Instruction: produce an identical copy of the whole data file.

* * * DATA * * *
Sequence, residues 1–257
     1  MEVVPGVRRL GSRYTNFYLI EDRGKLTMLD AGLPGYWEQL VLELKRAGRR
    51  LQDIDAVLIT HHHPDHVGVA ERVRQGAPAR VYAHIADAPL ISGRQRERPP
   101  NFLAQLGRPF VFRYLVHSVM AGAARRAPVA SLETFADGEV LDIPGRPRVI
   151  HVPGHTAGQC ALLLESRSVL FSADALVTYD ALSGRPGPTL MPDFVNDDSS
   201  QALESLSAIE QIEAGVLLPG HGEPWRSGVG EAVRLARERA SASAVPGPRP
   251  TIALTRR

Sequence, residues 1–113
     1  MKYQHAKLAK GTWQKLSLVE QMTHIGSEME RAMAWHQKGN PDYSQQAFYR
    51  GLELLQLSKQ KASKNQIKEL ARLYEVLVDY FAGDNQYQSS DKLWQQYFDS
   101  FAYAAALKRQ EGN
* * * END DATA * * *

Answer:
Sequence, residues 1–257
     1  MEVVPGVRRL GSRYTNFYLI EDRGKLTMLD AGLPGYWEQL VLELKRAGRR
    51  LQDIDAVLIT HHHPDHVGVA ERVRQGAPAR VYAHIADAPL ISGRQRERPP
   101  NFLAQLGRPF VFRYLVHSVM AGAARRAPVA SLETFADGEV LDIPGRPRVI
   151  HVPGHTAGQC ALLLESRSVL FSADALVTYD ALSGRPGPTL MPDFVNDDSS
   201  QALESLSAIE QIEAGVLLPG HGEPWRSGVG EAVRLARERA SASAVPGPRP
   251  TIALTRR

Sequence, residues 1–113
     1  MKYQHAKLAK GTWQKLSLVE QMTHIGSEME RAMAWHQKGN PDYSQQAFYR
    51  GLELLQLSKQ KASKNQIKEL ARLYEVLVDY FAGDNQYQSS DKLWQQYFDS
   101  FAYAAALKRQ EGN